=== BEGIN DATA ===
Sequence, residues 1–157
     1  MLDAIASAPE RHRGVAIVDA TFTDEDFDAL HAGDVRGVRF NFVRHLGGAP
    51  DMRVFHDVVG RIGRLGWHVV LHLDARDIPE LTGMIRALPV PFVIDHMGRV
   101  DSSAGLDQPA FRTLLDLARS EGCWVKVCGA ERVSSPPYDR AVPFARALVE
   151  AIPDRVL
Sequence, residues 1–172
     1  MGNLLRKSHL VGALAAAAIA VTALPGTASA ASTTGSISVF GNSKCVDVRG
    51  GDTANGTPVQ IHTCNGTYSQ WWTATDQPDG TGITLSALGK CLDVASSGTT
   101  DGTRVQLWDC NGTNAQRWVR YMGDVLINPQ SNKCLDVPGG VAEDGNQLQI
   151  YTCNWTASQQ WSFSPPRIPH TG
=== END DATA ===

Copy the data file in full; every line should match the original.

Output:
Sequence, residues 1–157
     1  MLDAIASAPE RHRGVAIVDA TFTDEDFDAL HAGDVRGVRF NFVRHLGGAP
    51  DMRVFHDVVG RIGRLGWHVV LHLDARDIPE LTGMIRALPV PFVIDHMGRV
   101  DSSAGLDQPA FRTLLDLARS EGCWVKVCGA ERVSSPPYDR AVPFARALVE
   151  AIPDRVL
Sequence, residues 1–172
     1  MGNLLRKSHL VGALAAAAIA VTALPGTASA ASTTGSISVF GNSKCVDVRG
    51  GDTANGTPVQ IHTCNGTYSQ WWTATDQPDG TGITLSALGK CLDVASSGTT
   101  DGTRVQLWDC NGTNAQRWVR YMGDVLINPQ SNKCLDVPGG VAEDGNQLQI
   151  YTCNWTASQQ WSFSPPRIPH TG